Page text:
Sent from BimmerApp mobile app

As Rob and Geo states they have Pros and cons. I have the Hotchkis front and rear sway bars. I liked the fact they are adjustable so I could dial them in along with hollow and light. My settings are mid front and soft rear. Rob had me dial the rear back and bit and it tidied things up.

As Geo said a hollow swaybar is not as stiff as a solid, but it's lighter and needed to be larger to make up for the loss in strength. Both are great bars for the street. Most people if they are looking to save some $$ just need to upgrade the bushings to polys and will get an improvement over stock.

Also Geo I'm helping my cousin do a head gasket on a 2002 SE-R Spec V Sentra on the Jan 9th and 10th. What year was yours?
__________________

ZHP Mods: JB Lightweight fly wheel (10.5 pounds), Koni FSD ProKit, Supreme Power Drop Hats, Hotchkis front(30.2mm)/rear(25.4mm) sway bars, Sprint Booster, AFE Stage 1 Intake, Morimoto EvoX-R Headlights, Orion V4 Angel Eyes, Satin Black 18x9 ET42 APEX ARC-8 Wheel

330xi Mods:Front Koni Yellow Struts and Rob43 Rear 9 Way adjustable Rear Dampers,Custom Sport Springs,Supreme Power Drop Hats,ZHP 5 speed shift knob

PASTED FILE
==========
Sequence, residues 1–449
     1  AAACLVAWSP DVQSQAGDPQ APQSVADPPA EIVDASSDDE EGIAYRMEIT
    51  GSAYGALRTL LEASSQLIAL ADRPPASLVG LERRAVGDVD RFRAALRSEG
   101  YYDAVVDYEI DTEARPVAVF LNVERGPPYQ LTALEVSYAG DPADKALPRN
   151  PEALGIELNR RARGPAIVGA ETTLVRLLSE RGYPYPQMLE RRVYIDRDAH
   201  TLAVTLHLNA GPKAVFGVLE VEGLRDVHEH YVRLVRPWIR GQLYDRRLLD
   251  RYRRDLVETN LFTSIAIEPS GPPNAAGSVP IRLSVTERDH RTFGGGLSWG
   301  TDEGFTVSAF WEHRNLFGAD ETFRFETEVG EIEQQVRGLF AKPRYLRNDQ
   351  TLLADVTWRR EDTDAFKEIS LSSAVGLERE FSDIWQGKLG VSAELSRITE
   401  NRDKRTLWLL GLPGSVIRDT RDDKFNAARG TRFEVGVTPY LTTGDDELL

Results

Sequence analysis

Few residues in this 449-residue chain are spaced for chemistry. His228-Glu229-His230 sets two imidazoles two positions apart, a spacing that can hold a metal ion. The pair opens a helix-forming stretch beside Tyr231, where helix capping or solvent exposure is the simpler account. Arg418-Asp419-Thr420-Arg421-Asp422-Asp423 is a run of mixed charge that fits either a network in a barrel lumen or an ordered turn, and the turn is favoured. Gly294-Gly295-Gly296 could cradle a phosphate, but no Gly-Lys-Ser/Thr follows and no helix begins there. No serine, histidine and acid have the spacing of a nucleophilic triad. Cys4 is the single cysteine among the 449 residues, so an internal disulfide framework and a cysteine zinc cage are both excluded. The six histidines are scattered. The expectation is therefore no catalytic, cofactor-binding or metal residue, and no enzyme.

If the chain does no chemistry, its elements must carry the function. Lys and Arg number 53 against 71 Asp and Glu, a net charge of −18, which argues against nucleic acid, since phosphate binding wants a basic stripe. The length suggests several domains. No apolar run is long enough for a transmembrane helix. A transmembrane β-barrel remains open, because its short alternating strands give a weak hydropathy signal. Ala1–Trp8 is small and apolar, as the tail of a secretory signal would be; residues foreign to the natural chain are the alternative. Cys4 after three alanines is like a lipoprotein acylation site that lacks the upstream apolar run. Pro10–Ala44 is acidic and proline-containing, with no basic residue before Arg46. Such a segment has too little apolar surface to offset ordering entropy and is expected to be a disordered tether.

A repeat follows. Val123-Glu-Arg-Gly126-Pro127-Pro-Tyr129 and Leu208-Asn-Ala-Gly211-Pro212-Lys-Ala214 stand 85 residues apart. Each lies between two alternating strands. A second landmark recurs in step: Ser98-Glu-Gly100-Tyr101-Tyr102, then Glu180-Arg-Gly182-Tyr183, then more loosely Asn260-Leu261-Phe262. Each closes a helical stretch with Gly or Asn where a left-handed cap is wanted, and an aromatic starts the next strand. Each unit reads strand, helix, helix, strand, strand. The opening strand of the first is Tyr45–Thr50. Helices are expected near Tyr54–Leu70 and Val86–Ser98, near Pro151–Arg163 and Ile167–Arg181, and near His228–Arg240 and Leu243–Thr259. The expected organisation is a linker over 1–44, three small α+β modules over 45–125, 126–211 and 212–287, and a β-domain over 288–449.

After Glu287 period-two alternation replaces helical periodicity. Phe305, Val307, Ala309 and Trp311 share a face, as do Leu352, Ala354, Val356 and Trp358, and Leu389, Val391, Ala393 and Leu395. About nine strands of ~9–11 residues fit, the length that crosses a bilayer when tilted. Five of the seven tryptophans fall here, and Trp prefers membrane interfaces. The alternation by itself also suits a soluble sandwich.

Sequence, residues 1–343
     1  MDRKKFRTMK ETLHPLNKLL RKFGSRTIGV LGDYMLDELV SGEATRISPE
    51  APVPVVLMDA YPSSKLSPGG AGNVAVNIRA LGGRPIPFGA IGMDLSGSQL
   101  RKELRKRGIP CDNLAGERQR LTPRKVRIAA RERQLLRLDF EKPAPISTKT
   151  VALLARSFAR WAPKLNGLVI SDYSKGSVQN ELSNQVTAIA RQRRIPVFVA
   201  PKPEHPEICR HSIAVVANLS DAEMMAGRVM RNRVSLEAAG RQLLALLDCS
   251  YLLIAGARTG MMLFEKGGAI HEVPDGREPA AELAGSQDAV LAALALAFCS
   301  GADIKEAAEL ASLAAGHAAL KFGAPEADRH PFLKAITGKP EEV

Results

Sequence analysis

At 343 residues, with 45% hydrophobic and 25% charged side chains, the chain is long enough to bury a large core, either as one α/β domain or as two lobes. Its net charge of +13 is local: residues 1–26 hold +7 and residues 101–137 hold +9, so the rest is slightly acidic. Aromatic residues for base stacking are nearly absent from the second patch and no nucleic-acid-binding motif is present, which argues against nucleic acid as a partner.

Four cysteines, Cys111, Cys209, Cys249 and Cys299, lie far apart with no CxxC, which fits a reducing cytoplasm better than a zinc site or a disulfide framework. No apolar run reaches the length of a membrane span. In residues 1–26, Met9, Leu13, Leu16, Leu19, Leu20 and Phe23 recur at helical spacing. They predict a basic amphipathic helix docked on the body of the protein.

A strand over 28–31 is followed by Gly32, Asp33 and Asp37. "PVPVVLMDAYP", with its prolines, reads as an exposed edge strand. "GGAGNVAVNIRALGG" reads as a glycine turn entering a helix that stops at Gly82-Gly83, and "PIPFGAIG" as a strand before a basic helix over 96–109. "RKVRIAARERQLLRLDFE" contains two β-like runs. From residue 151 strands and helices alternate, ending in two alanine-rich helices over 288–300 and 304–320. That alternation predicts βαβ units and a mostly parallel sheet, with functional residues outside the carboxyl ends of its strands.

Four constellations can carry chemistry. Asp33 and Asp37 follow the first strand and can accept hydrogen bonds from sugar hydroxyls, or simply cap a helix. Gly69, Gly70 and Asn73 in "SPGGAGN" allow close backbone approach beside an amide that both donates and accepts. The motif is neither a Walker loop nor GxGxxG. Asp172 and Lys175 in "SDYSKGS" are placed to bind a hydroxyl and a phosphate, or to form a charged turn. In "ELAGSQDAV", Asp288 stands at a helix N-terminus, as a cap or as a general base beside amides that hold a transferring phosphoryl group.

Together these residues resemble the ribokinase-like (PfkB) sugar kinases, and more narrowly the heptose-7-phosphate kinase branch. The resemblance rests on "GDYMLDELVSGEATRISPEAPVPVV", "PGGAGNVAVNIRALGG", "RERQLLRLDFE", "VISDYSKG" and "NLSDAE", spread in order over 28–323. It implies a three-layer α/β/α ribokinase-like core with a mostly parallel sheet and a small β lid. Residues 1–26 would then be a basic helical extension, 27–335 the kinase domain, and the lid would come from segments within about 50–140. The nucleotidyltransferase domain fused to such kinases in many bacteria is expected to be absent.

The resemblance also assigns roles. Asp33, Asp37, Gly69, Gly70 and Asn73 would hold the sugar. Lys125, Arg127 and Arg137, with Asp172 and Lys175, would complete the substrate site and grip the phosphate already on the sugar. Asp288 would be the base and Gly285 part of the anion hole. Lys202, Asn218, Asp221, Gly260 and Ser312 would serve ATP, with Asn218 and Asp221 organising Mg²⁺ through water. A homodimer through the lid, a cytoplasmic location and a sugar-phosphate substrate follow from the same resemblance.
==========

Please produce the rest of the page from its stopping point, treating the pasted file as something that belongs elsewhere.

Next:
Last edited by zander271; 12-30-2015 at 01:35 PM.
zander271 is offline   Reply With Quote
Old 12-30-2015, 02:51 PM   #14
Geo31
Ironman
 
Join Date: Mar 2003
Location: The Woodlands, TX, USA
Posts: 2,769
My Ride: 98 M-Z3, 01 325iT
The Hotchkis may be as stiff as the ECS kit. It's hard to say without data. My point was that being hollow, they are not as stiff as they would be if they were not. IOW, I wouldn't want someone thinking they are getting stiffer bars because they are a larger diameter. They are likely about the same rate +/-.

I had a 1991 SE-R. It was the first year and I planned to keep it until I died. Unfortunately the first 4 years I had it was up north and the 3 winters on it took a SERious toll. I watched rust fall off it, all by itself, once while working on my 944. It was at that point that I realized it was not worth restoring. I'd have to replace too many panels. So, it became a donor for our LeMons car (another 91 SE-R).

The Spec V is a nice car. A good friend of mine was an engineer for Nissan at the time and he had a LARGE role in developing that car. I have several friends that still have one.
__________________
George Roffe

Swim: 2.4 Miles
Bike: 112 Miles
Run: 26.2 Miles
Brag: For the rest of your life


Geo31 is offline   Reply With Quote
Old 12-30-2015, 03:06 PM   #15
Rob43
Performance Suspension Guru
 
Rob43's Avatar
 
Join Date: Oct 2009
Location: Richmond VA
Posts: 7,869
My Ride: 03 331Ci 5spd R1200R